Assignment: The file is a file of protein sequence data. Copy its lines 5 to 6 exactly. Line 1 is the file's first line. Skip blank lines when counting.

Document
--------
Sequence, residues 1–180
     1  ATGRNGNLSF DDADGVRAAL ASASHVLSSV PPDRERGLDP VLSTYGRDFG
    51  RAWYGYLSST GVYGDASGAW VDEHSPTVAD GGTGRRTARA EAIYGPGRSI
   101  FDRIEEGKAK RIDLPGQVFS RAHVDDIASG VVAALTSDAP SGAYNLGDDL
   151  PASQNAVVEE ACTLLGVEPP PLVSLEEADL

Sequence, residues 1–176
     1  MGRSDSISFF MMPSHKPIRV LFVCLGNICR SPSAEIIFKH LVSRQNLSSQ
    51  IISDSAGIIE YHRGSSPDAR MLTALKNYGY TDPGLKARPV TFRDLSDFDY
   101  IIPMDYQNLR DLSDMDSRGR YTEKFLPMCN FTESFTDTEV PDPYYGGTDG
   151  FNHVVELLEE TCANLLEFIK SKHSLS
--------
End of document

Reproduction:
   151  PASQNAVVEE ACTLLGVEPP PLVSLEEADL

Sequence, residues 1–176